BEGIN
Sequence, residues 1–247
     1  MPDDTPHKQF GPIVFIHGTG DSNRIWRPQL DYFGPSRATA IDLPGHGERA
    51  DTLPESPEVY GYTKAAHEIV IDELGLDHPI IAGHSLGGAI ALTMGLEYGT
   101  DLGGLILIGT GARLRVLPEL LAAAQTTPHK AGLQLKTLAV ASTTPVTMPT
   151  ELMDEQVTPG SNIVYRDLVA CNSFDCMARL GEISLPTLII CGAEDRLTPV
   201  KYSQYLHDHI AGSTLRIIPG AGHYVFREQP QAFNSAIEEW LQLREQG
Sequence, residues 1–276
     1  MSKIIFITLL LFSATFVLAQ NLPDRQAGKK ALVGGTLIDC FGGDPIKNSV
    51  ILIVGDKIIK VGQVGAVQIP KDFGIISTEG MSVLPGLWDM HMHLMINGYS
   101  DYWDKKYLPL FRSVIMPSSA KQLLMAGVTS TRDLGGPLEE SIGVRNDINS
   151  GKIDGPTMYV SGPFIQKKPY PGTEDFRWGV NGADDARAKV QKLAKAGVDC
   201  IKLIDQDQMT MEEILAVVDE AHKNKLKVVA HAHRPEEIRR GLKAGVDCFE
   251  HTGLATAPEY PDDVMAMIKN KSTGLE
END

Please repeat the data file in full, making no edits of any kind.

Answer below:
Sequence, residues 1–247
     1  MPDDTPHKQF GPIVFIHGTG DSNRIWRPQL DYFGPSRATA IDLPGHGERA
    51  DTLPESPEVY GYTKAAHEIV IDELGLDHPI IAGHSLGGAI ALTMGLEYGT
   101  DLGGLILIGT GARLRVLPEL LAAAQTTPHK AGLQLKTLAV ASTTPVTMPT
   151  ELMDEQVTPG SNIVYRDLVA CNSFDCMARL GEISLPTLII CGAEDRLTPV
   201  KYSQYLHDHI AGSTLRIIPG AGHYVFREQP QAFNSAIEEW LQLREQG
Sequence, residues 1–276
     1  MSKIIFITLL LFSATFVLAQ NLPDRQAGKK ALVGGTLIDC FGGDPIKNSV
    51  ILIVGDKIIK VGQVGAVQIP KDFGIISTEG MSVLPGLWDM HMHLMINGYS
   101  DYWDKKYLPL FRSVIMPSSA KQLLMAGVTS TRDLGGPLEE SIGVRNDINS
   151  GKIDGPTMYV SGPFIQKKPY PGTEDFRWGV NGADDARAKV QKLAKAGVDC
   201  IKLIDQDQMT MEEILAVVDE AHKNKLKVVA HAHRPEEIRR GLKAGVDCFE
   251  HTGLATAPEY PDDVMAMIKN KSTGLE